If you want to live forever, you could always write a book like James Joyce’s Ulysses, as literature students and professors will be debating what that colossal novel really means for centuries. You could paint happy little trees like Bob Ross, forever inspiring millions with your art and heart-warming phrases like, “There are no mistakes — only happy accidents.”
Or you could purchase two soda cans and a wire hanger, using those items to live on forever in hearts and minds of the next generation.
Let me explain.
I often spent my summers as a kid in Arkansas with my grandparents. I remember camping along the Arkansas River and fishing for catfish. I remember daddy longlegs scurrying across the picnic table (and sometimes my legs under the table) as we played Skip-Bo.
It was always hot. It was always humid. And I spent most nights running around the yard trying to catch lighting bugs (aka fireflies) in a glass jar with holes punched in the lid.
My grandfather had a shed he called his workshop tucked away in the corner of the yard away from the house. It was his own little man cave complete with vintage license plates nailed to the wall and large box fans hanging from the ceiling that would run at full speed the entire day.
Hanging in front of those fans were these whirligigs he built, pinwheels made from two soda cans that would spin wildly around a wire hanger which ran through the center of the cans.
I remember these whirligigs so vividly because my grandfather took me out to his workshop one summer afternoon and showed me how to make them. For one hot and humid summer afternoon, I was the center of my grandfather’s universe.
I now have a whirligig hanging in my living room, a small token of my grandfather’s kindness and a reminder of those wonderful days as a kid when everything in the world was fascinating and innocent.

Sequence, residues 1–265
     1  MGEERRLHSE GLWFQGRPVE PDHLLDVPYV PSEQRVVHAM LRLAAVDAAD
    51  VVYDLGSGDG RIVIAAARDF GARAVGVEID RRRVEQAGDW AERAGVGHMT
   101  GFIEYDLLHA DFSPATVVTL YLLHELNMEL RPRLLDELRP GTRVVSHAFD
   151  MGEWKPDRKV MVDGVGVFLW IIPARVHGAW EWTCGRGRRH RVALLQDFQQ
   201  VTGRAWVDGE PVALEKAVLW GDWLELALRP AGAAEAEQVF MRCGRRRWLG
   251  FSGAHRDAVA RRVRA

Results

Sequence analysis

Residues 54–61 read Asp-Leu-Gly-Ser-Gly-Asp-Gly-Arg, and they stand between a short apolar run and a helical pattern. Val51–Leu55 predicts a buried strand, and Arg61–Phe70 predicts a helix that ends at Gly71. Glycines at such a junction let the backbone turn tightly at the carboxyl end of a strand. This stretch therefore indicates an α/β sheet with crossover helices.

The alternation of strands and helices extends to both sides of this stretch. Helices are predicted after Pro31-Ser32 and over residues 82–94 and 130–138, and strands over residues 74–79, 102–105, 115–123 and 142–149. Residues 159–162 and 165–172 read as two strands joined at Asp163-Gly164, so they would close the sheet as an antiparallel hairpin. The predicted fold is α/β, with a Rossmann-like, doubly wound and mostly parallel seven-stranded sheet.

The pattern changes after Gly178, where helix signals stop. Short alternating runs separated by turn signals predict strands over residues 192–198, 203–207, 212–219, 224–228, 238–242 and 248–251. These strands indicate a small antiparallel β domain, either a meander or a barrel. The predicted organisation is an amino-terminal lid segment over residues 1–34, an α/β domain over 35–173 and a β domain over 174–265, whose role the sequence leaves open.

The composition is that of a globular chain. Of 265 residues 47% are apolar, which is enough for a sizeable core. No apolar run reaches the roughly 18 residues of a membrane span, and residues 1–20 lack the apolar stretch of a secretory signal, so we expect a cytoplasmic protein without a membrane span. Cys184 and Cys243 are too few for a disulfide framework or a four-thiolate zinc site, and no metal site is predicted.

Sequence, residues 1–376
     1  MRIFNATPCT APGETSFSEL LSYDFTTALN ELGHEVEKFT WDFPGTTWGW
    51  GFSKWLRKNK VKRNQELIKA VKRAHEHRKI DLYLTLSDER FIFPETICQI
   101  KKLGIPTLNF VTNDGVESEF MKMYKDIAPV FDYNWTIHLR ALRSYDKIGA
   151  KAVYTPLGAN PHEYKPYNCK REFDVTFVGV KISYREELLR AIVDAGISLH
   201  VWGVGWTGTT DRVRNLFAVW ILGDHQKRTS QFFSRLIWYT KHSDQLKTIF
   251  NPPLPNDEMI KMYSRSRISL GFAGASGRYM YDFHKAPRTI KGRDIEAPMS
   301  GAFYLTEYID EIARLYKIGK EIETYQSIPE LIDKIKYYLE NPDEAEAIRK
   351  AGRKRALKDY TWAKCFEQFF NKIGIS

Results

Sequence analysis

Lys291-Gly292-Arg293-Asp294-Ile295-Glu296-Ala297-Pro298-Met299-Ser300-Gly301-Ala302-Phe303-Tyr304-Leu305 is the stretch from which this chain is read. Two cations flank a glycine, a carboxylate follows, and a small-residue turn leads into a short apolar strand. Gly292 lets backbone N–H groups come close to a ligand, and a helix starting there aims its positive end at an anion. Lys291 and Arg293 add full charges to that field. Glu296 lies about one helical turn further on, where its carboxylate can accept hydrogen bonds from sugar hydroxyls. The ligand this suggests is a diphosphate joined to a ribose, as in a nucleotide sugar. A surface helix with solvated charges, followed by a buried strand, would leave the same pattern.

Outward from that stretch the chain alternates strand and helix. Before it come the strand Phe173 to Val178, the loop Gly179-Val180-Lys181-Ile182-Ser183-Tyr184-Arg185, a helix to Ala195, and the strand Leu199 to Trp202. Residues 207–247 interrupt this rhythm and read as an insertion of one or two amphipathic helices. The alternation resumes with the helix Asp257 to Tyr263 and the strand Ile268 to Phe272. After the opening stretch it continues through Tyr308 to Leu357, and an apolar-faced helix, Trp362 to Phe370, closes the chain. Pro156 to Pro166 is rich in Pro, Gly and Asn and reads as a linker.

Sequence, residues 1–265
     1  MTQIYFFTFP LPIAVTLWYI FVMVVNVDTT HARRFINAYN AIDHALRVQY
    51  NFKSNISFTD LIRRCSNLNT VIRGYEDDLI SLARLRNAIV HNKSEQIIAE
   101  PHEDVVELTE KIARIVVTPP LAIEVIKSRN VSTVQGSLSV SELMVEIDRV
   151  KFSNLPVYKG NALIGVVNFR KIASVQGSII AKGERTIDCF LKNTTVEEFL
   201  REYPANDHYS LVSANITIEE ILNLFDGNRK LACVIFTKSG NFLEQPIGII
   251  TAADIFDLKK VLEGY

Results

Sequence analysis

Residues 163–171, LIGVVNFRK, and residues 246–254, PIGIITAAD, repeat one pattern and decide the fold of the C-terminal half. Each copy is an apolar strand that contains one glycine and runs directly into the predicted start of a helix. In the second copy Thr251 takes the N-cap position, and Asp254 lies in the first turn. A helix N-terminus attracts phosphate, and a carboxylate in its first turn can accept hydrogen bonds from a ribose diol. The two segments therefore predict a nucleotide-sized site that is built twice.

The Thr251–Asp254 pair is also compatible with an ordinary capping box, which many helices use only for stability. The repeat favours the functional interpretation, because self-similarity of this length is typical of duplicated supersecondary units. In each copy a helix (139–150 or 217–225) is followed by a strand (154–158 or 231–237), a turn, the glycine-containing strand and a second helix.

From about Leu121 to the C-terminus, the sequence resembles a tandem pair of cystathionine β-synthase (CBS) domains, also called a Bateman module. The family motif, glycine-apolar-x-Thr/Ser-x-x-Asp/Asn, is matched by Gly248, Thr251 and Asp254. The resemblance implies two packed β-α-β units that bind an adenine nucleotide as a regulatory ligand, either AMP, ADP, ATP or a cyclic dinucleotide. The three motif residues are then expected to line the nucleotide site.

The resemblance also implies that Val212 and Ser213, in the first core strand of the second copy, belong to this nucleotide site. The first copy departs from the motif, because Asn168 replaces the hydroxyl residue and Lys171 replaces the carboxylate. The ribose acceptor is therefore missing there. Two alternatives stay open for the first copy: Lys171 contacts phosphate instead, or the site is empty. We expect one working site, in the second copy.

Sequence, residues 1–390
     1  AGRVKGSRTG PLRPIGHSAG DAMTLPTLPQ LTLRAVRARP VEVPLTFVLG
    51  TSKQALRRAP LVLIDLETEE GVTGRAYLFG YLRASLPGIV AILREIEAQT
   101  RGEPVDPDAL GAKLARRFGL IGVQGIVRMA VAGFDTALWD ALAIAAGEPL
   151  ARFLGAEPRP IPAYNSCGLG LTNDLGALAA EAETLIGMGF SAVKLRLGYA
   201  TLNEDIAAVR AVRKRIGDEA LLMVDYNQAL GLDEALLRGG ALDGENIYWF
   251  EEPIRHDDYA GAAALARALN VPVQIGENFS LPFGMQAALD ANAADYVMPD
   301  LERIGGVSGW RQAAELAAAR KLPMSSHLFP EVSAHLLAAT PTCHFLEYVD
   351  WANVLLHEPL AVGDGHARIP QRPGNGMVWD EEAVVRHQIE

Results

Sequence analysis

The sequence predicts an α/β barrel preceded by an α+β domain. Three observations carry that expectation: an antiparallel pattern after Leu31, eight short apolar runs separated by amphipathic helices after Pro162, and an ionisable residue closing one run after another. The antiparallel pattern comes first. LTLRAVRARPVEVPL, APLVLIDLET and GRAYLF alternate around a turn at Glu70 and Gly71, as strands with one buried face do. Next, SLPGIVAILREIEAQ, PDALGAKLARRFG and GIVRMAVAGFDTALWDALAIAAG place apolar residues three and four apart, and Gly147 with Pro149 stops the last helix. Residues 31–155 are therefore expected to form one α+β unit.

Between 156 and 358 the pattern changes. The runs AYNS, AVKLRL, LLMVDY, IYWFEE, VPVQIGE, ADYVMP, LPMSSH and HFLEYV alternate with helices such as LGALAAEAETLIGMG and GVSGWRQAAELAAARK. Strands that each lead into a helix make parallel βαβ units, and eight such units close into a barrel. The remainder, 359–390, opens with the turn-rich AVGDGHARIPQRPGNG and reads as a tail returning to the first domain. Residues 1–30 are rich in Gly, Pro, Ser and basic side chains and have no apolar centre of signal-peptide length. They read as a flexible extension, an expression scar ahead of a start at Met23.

It was only a few years later that he died. Yet I smile every time I see that whirligig he taught me to build hanging from my ceiling.
So, if you’d like to live on in the hearts of the next generation, you’ll need the following: Two soda cans, one wire hanger, tin snips, a hammer, an awl, and a pair of lineman’s pliers.
Start by poking a hole in the bottom of each soda can using the hammer and awl, making sure the holes are centered in the bottom of each can (or the whirligig won’t whirl correctly).
Next, cut the top off of the first soda can with tin snips, then cut vertical, uniform slats into the side of the first can. Push out each individual slat so that they are perpendicular to the can, then bend each slat slightly so that each slat is at about a 45-degree angle.
Now bend the wire hanger into an L shape using the pliers. Then cut the top off of the second can and push the open end into the open end of the second can (the can with the slats), running the wire hanger through the holes in the bottom of each can.
Bend the end of the wire hanger to create a lip so the whirligig doesn’t spin off of the hanger. Blow into the slats to verify the whirligig spins freely.
Finally, take an afternoon to show this to your kid, nephew, niece, and/or loved one.